Dental clinic coming to Monroe County

Office will offer care 5 days a week to low-income residents

10/29/2012
BY CARL RYAN
BLADE STAFF WRITER
Dr. Michael Granata, dental director of the Monroe County Health Department, left, and Tracy Cedar of the Michigan Community Dental Clinics, look at the site plan for the future dental clinic for low-income persons with county Commissioners Jerry Oley, second from right, and Dave Hoffman.
Dr. Michael Granata, dental director of the Monroe County Health Department, left, and Tracy Cedar of the Michigan Community Dental Clinics, look at the site plan for the future dental clinic for low-income persons with county Commissioners Jerry Oley, second from right, and Dave Hoffman.

MONROE — Monroe County will get a clinic to serve low-income persons who lack access to dental care.

The clinic will be at the Monroe County Health Department in offices the county will build and equip. It will staff its own dentists, hygienists, and dental technicians and serve only low-income, uninsured individuals — defined as those whose income is twice the poverty level or less — or those who are on Medicaid, MIChild, Delta Healthy Kids, or other public assistance insurance programs.

Monroe County previously only offered dental care to persons up to age 21 who had Medicaid.

A reception was held at the planned location, 2353 S. Custer Rd., last week. The construction will involve enclosing the old drive-in window of the former Bank of America branch and renovating some existing space, for a total of about 4,500 square feet.

“This project has been a long time coming, and we are very excited finally to be able to offer low-cost dental services to persons in need,” said R. LaMar Frederick, chairman of the county board of commissioners.

Mr. Frederick described the clinic as a public/private partnership between Monroe County and Michigan Community Dental Clinics Inc., the nonprofit chain that operates 21 dental clinics in Michigan. The chain has 68 dentists on its staff, about half on a full-time basis, according to Kim Singh, its director of community and governmental affairs.

Dr. Tom Veryser, the chain’s chief executive officer, emphasized the clinics are not free, but they offer reduced prices to patients without dental insurance who meet the income requirement. He said his clinics’ charges are 30 to 40 percent lower than those of a private dentist. Adults covered by Medicaid pay a $3 co-pay, while covered children pay nothing.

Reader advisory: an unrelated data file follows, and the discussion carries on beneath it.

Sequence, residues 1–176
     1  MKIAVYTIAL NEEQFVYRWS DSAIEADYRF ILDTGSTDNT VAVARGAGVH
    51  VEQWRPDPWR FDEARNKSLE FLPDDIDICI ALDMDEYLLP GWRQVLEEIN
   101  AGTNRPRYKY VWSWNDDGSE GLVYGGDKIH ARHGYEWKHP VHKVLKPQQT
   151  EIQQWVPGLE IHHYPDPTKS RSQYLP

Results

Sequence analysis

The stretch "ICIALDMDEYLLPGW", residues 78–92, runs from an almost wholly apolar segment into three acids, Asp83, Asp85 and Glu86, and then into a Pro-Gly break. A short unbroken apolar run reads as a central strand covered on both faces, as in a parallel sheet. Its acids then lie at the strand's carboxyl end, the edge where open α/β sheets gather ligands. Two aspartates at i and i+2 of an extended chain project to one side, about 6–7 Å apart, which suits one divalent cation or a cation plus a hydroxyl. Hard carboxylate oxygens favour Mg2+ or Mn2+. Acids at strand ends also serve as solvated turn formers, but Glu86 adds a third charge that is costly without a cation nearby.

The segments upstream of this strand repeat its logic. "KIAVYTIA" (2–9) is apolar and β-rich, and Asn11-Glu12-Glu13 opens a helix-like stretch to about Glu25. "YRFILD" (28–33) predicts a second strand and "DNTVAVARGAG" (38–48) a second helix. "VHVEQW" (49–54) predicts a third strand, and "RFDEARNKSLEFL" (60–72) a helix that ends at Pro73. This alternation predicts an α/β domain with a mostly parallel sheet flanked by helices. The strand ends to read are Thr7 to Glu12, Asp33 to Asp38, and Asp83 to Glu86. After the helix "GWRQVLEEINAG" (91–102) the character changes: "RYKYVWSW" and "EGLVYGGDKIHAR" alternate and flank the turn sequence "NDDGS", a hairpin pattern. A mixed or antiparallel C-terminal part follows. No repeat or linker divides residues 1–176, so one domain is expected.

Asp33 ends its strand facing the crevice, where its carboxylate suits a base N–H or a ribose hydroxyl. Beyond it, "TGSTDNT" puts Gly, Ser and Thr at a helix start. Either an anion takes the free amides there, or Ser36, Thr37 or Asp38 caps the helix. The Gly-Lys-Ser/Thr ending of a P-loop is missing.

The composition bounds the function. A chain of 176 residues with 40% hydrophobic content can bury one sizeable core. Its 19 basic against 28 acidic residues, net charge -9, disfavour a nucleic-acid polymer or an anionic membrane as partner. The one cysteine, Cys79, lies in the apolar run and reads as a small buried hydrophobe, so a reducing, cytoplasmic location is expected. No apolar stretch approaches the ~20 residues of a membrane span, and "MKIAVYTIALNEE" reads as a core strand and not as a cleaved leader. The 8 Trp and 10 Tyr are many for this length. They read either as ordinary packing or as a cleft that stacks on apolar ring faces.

Mr. Frederick said Monroe County has about 22,000 Medicaid recipients, including 7,000 children, who will be potentially eligible for care at the clinic. He said the county will start advertising the services early next year and expects the clinic to be in operation by spring.

County and clinic officials were in talks for about a year. According to the contract between the two parties, the county will provide the facility and the clinic will pay rent that covers debt service for the $1,060,000 the county borrowed for the project.

The money will be repaid over 10 years at an annual interest rate of 2.07 percent, according to Michael Bosanac, the county’s director of administrative services. Debt service is $110,967 in the first year of the loan and increases to $120,231 in year 10. Mr. Frederick said the United Way of Monroe County contributed $25,000 to the project.

The clinic will operate Monday through Friday and provide comprehensive dental services, Ms. Singh said. It will have eight chairs and up to three dentists.

She said projections called for the clinic’s dentists to see about 4,000 patients a year, once it is established.

Ms. Singh added that patients need not be county residents, but “the focus is Monroe County.”

Visits will be by appointment, “but that doesn’t mean we won’t be working in a certain number of emergencies,” she continued. “We have a goal of getting folks in their chair within 10 minutes of arrival. Sometimes with a public clinic, you show up and there’s a line out the door. We focus on appointments.”

Kim Comerzan, the county’s heath officer/director, said, “There is a big need. We know that dental health as it relates to overall general health is important.”